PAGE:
Chemical in antibacterial soap fed to nursing rats harms offspring
A mother's exposure to triclocarban, a common antibacterial chemical, while nursing her babies shortens the life of her female offspring, a new study in rats finds. The results were presented Monday at The Endocrine Society's 95th Annual Meeting in San Francisco.
Commonly used in antibacterial soap and other personal care products, triclocarban has the potential for a large portion of the public to be exposed to it, said the study's lead author, Rebekah Kennedy, a graduate student in the Department of Public Health at the University of Tennessee, Knoxville.
"Our study provides supporting evidence for the potential adverse effects of triclocarban exposure during early life, specifically during the lactation period," Kennedy said. "The results indicate that a mother's long-term use of this compound might affect the early development of her offspring, at least according to our animal model."
Past studies by the senior investigator, Jiangang Chen, PhD, an assistant professor at the University of Tennessee, showed that triclocarban enhances the growth of sex organs in the adult male rat. In this study, the researchers sought to learn if exposure to the same compound, either in the womb or during lactation, would affect rat pups.
Beginning on pregnancy day 5 and continuing until 21 days after giving birth, maternal rats continuously had free access to regular rat chow (the control rats) or chow supplemented with either 0.2 or 0.5 percent triclocarban. The doses found in the blood of maternal rats exposed to triclocarban correspond to blood levels of triclocarban in humans after a 15-minute whole-body shower using a bar soap containing 0.6 percent triclocarban, Chen said.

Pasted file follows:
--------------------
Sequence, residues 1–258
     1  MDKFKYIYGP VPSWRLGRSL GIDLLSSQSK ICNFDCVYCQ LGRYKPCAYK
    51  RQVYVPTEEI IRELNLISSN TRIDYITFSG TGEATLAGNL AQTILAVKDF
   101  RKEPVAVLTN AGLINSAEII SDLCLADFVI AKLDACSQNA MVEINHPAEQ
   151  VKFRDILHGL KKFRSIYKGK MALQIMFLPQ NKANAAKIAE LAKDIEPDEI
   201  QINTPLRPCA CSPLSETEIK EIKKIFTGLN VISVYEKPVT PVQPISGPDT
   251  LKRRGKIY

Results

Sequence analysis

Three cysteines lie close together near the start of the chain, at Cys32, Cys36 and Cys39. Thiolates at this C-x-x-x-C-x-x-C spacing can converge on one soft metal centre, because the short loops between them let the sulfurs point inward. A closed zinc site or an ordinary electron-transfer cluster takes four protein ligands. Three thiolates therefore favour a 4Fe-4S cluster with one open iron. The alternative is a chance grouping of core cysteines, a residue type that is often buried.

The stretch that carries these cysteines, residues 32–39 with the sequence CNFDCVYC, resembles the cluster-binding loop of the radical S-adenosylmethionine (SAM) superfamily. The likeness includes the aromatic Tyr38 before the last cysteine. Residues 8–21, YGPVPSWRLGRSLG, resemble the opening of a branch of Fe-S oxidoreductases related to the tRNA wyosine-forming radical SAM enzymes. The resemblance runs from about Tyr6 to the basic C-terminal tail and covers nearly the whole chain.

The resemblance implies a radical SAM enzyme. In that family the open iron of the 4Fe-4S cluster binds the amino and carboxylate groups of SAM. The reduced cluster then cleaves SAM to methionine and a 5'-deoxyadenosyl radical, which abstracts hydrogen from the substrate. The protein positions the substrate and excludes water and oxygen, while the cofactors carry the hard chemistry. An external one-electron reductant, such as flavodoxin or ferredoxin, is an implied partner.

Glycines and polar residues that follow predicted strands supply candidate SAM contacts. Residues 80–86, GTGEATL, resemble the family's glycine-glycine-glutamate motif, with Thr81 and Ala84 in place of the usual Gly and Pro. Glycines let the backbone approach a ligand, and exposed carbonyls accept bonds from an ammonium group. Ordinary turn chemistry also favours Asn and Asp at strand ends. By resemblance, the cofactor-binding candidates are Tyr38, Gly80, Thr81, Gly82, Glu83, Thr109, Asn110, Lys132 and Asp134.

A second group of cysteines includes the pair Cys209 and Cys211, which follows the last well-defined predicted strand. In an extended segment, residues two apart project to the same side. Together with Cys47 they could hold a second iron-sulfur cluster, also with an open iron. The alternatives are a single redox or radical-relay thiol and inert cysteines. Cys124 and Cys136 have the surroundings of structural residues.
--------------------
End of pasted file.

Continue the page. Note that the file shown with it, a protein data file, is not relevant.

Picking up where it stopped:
After birth, some littermates were moved to other groups so that each rat mother nursed two of her own pups and two pups from each of the other two groups. The offspring were weighed daily.
Body weight did not differ at birth among rat pups from the three groups, but by day 3, pups nursed by control rats were heavier than either triclocarban-exposed group, Kennedy reported. Pups nursed by rats that received 0.2 percent triclocarban were about half as heavy at weaning on day 21 as pups nursed by controls, and only 4 of 30 pups survived.
The investigators found that all pups nursed by the control rats survived until weaning, including those born to triclocarban-fed maternal rats but nursed by control rats. No pups nursed by rats that received the larger triclocarban dose, 0.5 percent, survived until day 6. Among pups nursed by rats that received the 0.2 percent dose of triclocarban, 57 percent reportedly lived to nine days after birth, and only 13% survived after weaning.
"Our data suggest that the critical exposure window affecting rat pup survival is related to lactation, as all pups raised by control rats survived regardless of triclocarban exposure status during gestation," Kennedy said.
Although the researchers did not measure triclocarban levels in the offspring, they speculate that the chemical entered the gastrointestinal tract through the mother's milk and affected the pups' growth and development.
The National Institutes of Health's National Institute of Environmental Health Sciences supported this research.